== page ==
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    European Session – Euro maintains 1.14 handle, BoE holds rates, pound rises

    Posted on February 5, 2015 by the XM Investment Research Desk at 3:00 pm GMT


    The dollar was broadly weaker today, helping lift the euro and the pound. US trade data did little to support the greenback, although the main driver will be Friday’s all-important nonfarm payrolls.

    The euro maintained the 1.14 handle, rallying to a high of 1.1456 to recover most of yesterday’s losses when it fell on news that the European Central Bank will no longer accept Greek sovereign bonds as collateral for regular financing.
    Germany reported strong factory orders today while the EU growth forecast was upgraded. In addition, this week’s firmer Eurozone PMIs and retail sales all give optimism for an overall recovery in the region, helping temporarily offset the concerns in Greece.

    The 4.2% rise in December factory orders in Germany was more than twice expectations, while the Eurozone growth forecast came in at 1.3% in 2015 and 1.9% in 2016 (previously 1.1% and 1.7%, respectively).

    Sterling was higher today due to broad dollar weakness. Cable rose to as high as 1.5313, marking a 1-month high. The Bank of England made no change to monetary policy today, which was expected. It left the benchmark interest rate at 0.5% and the asset purchase program at £375 billion. While the pound has been quite steady in recent weeks after a sharp decline to an 18-month low, upcoming risks will keep it vulnerable – namely the UK elections in May. Meanwhile, in the nearer term, the BoE’s inflation report on February 12th and the BoE minutes on February 18 are also key risk events for the British currency.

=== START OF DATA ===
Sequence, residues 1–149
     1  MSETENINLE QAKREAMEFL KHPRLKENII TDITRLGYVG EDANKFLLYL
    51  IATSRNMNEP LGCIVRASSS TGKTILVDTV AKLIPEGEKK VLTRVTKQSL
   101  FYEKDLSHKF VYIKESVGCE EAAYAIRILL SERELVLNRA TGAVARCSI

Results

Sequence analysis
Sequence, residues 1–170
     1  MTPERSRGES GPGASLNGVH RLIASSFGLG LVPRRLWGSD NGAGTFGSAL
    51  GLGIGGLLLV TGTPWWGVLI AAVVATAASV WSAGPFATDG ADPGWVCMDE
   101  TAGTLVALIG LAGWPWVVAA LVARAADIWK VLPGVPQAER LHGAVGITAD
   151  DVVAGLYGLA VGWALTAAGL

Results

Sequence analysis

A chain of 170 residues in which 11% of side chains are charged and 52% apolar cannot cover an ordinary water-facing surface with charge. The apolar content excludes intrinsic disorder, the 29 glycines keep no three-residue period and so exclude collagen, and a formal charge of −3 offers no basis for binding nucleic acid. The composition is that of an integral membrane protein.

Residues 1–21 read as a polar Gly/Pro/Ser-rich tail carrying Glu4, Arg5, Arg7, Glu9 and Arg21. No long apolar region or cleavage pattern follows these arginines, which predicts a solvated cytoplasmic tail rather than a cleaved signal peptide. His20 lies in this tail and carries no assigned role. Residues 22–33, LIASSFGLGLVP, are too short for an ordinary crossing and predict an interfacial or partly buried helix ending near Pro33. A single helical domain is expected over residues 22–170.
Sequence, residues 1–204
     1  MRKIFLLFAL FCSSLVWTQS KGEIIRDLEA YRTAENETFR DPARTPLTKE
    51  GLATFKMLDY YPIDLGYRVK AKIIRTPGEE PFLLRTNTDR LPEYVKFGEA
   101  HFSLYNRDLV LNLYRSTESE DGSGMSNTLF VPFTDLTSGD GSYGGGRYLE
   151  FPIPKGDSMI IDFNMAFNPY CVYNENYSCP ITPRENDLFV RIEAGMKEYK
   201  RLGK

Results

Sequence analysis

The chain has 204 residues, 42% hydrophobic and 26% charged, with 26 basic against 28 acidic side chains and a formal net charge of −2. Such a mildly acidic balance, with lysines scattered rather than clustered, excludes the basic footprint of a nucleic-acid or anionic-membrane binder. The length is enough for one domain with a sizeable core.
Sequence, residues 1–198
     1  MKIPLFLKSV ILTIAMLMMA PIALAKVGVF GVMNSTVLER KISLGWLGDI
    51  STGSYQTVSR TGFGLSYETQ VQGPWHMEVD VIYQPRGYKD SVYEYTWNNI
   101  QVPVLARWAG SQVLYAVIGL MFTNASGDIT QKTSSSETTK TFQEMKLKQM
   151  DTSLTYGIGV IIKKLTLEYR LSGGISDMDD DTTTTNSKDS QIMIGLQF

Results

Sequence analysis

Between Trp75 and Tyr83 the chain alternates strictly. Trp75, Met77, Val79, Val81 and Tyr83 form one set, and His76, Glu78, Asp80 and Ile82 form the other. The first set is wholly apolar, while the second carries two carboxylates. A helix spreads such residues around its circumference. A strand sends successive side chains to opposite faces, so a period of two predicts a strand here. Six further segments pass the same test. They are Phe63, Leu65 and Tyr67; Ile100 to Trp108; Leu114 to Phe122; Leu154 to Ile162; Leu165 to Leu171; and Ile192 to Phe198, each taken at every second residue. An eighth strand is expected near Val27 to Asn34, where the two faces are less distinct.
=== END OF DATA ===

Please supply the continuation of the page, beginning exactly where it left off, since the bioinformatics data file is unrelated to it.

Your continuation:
With regards to the dollar/yen pair, it has been trading sideways all week between 116.86 and 117.98. The pair did not react to risk on/ risk off situations in the market, as it would normally tend to do. The dollar has been weak lately, especially after the soft US GDP number early this month. Today’s wider US trade deficit has the potential to impact Q4 GDP revision expectations. The deficit jumped 17.1% to $46.56 billion, the largest since November 2012.  Expectations were for the gap to narrow to $38 bln from a previous $39 bln.

    There were some upbeat US data too today, with initial jobless claims rising less-than-expected last week (ending January 31). The number of Americans filing new claims for unemployment increased 11,000 to a seasonally adjusted 278,000, versus 290,000 expected. However, the main focus will be Friday’s nonfarm payrolls report.

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